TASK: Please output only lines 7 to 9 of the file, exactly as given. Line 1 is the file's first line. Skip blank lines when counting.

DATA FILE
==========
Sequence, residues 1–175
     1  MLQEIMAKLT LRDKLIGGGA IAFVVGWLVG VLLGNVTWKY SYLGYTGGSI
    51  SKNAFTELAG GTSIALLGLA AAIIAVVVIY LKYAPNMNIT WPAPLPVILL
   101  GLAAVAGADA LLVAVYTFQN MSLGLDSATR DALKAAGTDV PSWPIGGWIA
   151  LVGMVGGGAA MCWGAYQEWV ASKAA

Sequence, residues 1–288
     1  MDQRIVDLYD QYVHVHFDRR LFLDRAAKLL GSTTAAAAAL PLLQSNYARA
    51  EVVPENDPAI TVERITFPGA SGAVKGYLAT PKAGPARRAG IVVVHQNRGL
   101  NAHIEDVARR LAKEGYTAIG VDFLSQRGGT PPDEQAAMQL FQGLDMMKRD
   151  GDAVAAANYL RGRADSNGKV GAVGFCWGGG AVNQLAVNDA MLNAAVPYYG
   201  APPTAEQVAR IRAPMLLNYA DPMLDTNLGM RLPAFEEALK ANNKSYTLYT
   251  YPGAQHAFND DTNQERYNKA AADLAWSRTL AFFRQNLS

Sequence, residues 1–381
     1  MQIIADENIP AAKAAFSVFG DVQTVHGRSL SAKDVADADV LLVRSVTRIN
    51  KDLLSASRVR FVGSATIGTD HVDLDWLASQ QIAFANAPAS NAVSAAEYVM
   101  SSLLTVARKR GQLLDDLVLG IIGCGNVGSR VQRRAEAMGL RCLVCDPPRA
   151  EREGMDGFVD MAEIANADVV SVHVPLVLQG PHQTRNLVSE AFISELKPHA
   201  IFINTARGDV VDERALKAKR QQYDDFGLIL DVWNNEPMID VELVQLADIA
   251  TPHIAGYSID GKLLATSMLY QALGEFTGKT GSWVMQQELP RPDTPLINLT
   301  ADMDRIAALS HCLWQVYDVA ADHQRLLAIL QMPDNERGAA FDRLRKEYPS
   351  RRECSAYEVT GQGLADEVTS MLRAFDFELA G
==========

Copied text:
     1  MDQRIVDLYD QYVHVHFDRR LFLDRAAKLL GSTTAAAAAL PLLQSNYARA
    51  EVVPENDPAI TVERITFPGA SGAVKGYLAT PKAGPARRAG IVVVHQNRGL
   101  NAHIEDVARR LAKEGYTAIG VDFLSQRGGT PPDEQAAMQL FQGLDMMKRD